Tuesday, January 24, 2012

The 21st Alabama Infantry, Alabama's Confederate Foreign Legion // El Regimento 21 de Infanteria de Alabama, La Legion Confederada Extranjera de Alabama

The 21st Alabama Infantry was mostly composed of small businessmen and artisans from Mobile, Alabama and is considered Alabama’s “Foreign Legion” for the number of Spaniard’s (including Cuban’s), Italian’s, Frenchmen, German’s and Irish, in its’ ranks. It was mustered into service on October. 13, 1861, at Mobile, and remained at Camp Hall’s Mill and Fort Gaines until ordered to Fort Pillow, in March 1862. It remained there a few days then moved to Corinth, where it was brigaded under General Gladden.
The Regiment took part in the Battle of Shiloh, where it lost six color-bearers, in succession, and 200 killed and wounded out of about 650 engaged and was complimented for their actions, in the General Orders. When it returned to Corinth, the Regiment was reorganized, and extended their enlistment from one year to “for the war.” The 21st was at the Battle of Farmington, but its casualties were few, in the summer, the 21st was ordered to Mobile, Alabama and was on garrison duty at Fort Morgan, and at Oven and Choctow Bluffs.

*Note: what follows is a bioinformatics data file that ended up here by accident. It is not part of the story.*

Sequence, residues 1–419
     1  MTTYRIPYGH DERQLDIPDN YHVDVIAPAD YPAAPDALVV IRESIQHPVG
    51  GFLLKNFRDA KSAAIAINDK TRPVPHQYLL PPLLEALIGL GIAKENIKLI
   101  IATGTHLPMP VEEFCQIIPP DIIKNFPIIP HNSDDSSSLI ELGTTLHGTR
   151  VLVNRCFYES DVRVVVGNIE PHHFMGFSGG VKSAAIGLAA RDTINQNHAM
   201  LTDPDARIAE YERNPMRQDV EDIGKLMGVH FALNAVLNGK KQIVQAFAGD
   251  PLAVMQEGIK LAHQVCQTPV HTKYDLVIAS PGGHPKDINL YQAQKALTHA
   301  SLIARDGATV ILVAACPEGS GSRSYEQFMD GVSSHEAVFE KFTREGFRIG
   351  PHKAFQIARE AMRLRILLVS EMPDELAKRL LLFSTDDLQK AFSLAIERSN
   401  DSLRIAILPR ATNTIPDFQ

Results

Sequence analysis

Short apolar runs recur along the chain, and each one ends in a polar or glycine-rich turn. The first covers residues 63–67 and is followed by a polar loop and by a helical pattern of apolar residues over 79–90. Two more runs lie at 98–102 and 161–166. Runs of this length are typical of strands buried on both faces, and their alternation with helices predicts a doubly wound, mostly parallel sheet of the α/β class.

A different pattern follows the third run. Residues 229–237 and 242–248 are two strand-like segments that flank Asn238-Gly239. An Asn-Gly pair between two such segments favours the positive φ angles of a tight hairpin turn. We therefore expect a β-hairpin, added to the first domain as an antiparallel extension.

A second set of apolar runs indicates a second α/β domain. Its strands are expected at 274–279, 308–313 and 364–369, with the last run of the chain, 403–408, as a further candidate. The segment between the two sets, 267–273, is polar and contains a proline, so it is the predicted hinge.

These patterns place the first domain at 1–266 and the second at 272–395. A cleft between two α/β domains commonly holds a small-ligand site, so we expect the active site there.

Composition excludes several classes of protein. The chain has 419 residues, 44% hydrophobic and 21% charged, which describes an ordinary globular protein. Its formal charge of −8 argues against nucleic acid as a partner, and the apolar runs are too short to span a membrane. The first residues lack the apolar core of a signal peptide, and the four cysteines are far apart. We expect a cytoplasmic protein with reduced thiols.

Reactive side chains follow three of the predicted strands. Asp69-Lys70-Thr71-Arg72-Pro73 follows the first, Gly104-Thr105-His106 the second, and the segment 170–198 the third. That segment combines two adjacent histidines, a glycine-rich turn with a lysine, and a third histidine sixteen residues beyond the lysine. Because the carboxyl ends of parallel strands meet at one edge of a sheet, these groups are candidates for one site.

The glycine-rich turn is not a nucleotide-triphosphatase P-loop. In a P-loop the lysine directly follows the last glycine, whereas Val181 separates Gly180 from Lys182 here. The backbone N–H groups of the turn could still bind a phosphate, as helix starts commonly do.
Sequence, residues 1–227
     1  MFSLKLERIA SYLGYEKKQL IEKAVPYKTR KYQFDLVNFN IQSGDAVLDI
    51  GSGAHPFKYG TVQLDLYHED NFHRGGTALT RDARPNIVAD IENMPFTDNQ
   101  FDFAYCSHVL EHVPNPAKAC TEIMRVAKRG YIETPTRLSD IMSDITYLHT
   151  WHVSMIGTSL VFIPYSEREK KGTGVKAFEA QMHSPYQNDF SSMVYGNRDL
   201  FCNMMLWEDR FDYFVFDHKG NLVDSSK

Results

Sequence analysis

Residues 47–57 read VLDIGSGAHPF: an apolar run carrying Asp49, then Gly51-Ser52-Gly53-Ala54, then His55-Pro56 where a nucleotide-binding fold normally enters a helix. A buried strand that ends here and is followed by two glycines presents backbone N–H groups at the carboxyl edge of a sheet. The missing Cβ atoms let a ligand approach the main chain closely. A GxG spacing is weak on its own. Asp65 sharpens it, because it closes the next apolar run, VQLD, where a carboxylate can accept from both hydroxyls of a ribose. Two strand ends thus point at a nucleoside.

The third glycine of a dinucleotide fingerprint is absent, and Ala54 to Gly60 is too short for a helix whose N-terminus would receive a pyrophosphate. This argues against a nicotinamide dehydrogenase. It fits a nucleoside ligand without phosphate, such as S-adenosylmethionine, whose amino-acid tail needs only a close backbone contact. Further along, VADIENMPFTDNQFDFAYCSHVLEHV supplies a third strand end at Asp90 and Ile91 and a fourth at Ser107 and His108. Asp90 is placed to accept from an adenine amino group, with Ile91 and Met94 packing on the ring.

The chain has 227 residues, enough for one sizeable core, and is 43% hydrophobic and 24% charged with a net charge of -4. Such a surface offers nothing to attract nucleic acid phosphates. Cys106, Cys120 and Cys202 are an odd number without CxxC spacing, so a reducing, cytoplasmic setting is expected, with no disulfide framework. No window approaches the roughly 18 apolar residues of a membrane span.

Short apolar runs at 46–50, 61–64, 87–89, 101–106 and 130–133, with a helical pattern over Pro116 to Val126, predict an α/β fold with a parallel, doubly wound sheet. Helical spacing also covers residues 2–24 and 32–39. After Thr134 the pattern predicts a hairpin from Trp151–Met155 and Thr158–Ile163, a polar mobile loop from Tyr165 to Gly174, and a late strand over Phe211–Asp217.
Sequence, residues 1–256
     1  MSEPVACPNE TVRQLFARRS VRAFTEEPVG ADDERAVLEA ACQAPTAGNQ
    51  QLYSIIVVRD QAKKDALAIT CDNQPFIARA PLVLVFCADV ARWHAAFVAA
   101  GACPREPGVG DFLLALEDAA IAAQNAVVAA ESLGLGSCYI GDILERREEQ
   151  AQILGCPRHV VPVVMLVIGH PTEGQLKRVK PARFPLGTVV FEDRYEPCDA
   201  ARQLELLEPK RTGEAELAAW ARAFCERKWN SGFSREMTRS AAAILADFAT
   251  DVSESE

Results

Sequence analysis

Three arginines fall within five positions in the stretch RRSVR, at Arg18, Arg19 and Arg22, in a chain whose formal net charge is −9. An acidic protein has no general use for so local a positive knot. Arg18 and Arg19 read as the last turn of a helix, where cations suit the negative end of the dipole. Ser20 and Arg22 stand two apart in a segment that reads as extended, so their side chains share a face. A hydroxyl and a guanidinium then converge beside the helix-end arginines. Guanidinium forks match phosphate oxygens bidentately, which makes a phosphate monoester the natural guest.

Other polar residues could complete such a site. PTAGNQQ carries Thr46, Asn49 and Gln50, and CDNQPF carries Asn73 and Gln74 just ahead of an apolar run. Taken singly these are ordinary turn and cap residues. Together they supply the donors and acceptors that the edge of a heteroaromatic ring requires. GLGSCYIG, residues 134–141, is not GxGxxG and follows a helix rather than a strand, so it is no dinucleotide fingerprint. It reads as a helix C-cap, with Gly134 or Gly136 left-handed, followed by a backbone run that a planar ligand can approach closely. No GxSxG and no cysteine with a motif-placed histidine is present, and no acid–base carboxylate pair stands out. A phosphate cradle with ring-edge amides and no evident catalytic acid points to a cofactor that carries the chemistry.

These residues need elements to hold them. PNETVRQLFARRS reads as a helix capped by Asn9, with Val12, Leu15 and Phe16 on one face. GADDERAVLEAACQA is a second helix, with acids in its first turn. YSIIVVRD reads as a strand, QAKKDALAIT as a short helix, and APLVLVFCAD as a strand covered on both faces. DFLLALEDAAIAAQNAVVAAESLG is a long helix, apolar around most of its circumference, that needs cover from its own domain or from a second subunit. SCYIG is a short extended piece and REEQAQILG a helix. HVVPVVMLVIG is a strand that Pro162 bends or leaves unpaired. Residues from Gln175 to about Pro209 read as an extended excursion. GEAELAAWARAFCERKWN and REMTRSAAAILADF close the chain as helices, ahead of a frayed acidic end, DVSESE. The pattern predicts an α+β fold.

It was at Pollard, Alabama a short time under General James Cantey, but was then ordered to the defenses of Mobile. Two companies were stationed at Fort Powell, where, with a loss of one killed, they withstood a two week bombardment from five gun-boats and six mortar-boats which attempted to force an entrance through Grant’s Pass. Six companies of the 21st were captured at Fort Gaines, on Dauphin Island, Alabama and two at Fort Morgan; but the two at Fort Powell blew it up and evacuated the post. The men captured at Fort Gaines were exchanged, the others were not. The remainder of the regiment were part of the Garrison of Spanish Fort, where it lost about 10 killed and 25 wounded.
The Twenty-first was surrendered at Cuba, in Sumter County, Alabama on May 6, 1865, about 250 strong. 
This information on the 21st Alabama is a modified version of the segment on the 21st Alabama that was first published in “Alabama: Her History, Resources, War Record and Public Men, 1540-1872” by Willis Brewer.